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Chris Culliver's Quotes: A Not Quotidian Cornerback Covers Calvin Johnson

I couldn't find any pictures of Culliver, so instead you get a picture of Schwartz smelling Harbaugh's breath.
I couldn't find any pictures of Culliver, so instead you get a picture of Schwartz smelling Harbaugh's breath.

I like writing about the 49er rookies because I think we had an awesome draft this year and there is nothing better than feeling like an idiot in sports. When Aldon Smith was drafted in the first round, I think I put on some Death Cab or Nine Inch Nails and cried myself to sleep. Not just because those are horrid bands, mind you, but because I thought he was way too much of a reach with the first pick.

Then, Chris Culliver's name popped up in the third round. I was pretty upset. By all accounts (read: random internet articles I decided were divinely inspired), Culliver was a no name and some other dudes, whose names I don't remember, were way better. What, Baalke, don't you know how to read?!

Yeah, so I was wrong on both accounts and that's awesome.

Aldon Smith's adventures in the lands of Backfieldia are well documented and will be passed down upon ages and ages as the lore of the 49ers 2011 draft class. The legacy of Culliver, however, is just beginning. Follow me, oh intrepid travelers, as we make a pilgrimage to the shine of Sir Culliver, the MegaStopper.

I think Culliver had some of the most awesome comments after the game which are worthy of reproduction here (I'm lifting them, mind you, from Matt Maiocco's "Rookies come up big in ‘best defensive performance'").

In discussing Calvin Johnson, Culliver remarked that "you have to be physical with him." This is coming from a kid who barely played cornerback in college. He, in turn, is asked to cover the best wide receiver in the NFL. That same receiver who happens to be a couple of inches over ten feet and catches, like, hecka touchdowns (nine in five six - sucka! - games to be precise). So yeah, it's natural that Culliver has an unabashed confidence in being "physical" with a receiver who weekly makes triple coverage look like insipid uniforms hanging up to dry on a clothesline.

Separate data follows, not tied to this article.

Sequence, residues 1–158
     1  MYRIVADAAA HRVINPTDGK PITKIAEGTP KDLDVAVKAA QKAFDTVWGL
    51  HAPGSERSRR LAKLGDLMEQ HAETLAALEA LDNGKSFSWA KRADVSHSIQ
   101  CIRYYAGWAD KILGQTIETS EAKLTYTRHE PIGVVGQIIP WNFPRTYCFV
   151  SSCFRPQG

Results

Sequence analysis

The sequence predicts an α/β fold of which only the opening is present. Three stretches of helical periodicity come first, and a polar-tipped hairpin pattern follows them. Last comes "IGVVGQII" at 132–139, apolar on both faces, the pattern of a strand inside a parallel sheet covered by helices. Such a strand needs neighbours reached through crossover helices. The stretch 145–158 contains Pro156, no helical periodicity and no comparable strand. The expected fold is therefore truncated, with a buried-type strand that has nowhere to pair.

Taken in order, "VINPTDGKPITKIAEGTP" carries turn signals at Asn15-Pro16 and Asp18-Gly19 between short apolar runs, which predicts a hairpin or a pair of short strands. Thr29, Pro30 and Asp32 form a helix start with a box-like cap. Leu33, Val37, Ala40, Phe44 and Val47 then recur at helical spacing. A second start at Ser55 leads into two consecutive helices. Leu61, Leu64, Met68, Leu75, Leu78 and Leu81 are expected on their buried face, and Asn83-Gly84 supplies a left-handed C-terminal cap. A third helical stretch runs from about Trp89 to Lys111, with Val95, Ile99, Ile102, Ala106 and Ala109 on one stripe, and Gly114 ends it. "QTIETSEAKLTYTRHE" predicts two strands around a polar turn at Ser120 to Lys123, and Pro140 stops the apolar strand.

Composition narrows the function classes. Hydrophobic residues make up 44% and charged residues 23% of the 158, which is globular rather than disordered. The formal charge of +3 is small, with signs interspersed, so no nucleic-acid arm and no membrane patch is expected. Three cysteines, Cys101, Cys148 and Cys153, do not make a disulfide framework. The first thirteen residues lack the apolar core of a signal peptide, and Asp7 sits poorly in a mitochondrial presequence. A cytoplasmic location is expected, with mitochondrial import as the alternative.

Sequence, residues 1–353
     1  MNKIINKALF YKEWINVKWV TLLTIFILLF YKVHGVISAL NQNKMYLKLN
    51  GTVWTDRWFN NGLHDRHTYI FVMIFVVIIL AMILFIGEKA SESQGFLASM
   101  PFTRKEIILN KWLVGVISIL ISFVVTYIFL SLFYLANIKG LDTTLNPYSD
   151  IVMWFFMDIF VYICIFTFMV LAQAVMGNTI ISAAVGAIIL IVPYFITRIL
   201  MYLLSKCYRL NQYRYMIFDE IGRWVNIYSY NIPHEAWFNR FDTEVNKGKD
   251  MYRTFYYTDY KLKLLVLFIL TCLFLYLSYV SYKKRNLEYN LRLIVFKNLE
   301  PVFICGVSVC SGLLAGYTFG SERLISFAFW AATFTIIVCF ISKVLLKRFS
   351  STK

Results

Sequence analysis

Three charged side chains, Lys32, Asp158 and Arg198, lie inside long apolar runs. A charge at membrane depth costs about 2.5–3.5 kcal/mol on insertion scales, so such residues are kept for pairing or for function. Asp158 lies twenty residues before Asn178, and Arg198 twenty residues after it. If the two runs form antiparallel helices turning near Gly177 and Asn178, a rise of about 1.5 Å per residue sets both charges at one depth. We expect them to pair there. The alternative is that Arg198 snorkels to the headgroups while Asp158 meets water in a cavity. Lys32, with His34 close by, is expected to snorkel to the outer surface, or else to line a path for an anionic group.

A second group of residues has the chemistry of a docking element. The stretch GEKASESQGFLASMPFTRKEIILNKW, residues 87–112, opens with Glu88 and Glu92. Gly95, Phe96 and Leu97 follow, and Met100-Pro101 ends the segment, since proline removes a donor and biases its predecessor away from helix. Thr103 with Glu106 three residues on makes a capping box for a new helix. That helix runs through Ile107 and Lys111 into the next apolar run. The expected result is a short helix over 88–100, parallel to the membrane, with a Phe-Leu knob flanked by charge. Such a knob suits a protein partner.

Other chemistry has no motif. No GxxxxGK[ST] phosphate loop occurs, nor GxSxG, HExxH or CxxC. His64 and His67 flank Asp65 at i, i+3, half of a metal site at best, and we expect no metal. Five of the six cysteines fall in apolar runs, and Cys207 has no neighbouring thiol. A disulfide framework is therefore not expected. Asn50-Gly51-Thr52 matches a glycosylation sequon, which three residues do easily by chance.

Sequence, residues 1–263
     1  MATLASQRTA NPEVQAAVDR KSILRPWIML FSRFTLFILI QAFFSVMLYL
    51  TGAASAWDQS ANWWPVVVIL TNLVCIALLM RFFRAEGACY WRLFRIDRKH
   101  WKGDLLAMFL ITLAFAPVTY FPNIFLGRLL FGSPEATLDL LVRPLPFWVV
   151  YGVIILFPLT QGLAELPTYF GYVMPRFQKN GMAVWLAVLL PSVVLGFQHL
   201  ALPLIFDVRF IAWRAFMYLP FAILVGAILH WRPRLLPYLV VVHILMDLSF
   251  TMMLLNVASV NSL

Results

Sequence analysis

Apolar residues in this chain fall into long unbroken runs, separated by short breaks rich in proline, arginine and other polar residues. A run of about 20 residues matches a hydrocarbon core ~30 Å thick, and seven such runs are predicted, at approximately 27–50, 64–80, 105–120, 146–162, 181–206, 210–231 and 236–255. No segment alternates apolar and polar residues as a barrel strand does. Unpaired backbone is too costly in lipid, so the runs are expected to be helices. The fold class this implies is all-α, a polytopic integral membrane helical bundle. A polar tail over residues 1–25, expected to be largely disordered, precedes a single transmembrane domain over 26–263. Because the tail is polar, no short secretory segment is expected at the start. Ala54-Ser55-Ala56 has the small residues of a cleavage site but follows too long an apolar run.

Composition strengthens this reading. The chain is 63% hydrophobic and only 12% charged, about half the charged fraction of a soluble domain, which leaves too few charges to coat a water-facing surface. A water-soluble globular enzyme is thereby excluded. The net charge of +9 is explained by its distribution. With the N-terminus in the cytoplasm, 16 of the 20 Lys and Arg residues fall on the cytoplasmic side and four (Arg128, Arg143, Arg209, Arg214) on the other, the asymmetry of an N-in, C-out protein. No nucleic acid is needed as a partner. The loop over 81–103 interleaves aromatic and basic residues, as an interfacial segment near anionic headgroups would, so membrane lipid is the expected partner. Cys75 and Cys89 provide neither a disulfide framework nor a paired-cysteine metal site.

He continued to say that "all his plays he had on me, he pushed off on me. Refs didn't call it but I ain't complaining." Culliver is essentially asserting that anytime Johnson made a play on him, it's because Johnson committed a bit of PI in the process. Wow. Just wow. I mean, the refs on Sunday were craptastic, but this is bold. And, while perhaps a tad disingenuous, it sure felt like Calvin Johnson was dominated that game. He wasn't. He outplayed all of our receivers, but good golly miss molly, he was essentially a non-factor. I think largely because of Culliver. He deserves that statement.

So, that previous comment uses arrogance as the fulcrum for its rhetorical twists and turns, and quite frankly Culliver earned it. Not by himself, mind you, but he did an excellent job. So, when he finishes out his description of the game by saying, "I had tight coverage on him. All he did was try to release outside. And when he went inside, he tried to push me off. He was complaining. And I told him he had to shut up because he's too big for that," I totally believe him. I give him the benefit of the doubt.

Yeah, he's still a rookie. I get that. No, I don't think he is a true number one CB right now. But man oh man did he play with aggressiveness and spunk against one of the hardest receivers to defend.

He didn't do it by himself and not for the entire game, but when I first saw him in coverage, I had a mini-heart attack (like James). But, quite frankly, it was unwarranted. The guy has so much potential. Let's just hope we don't all jinx him or something.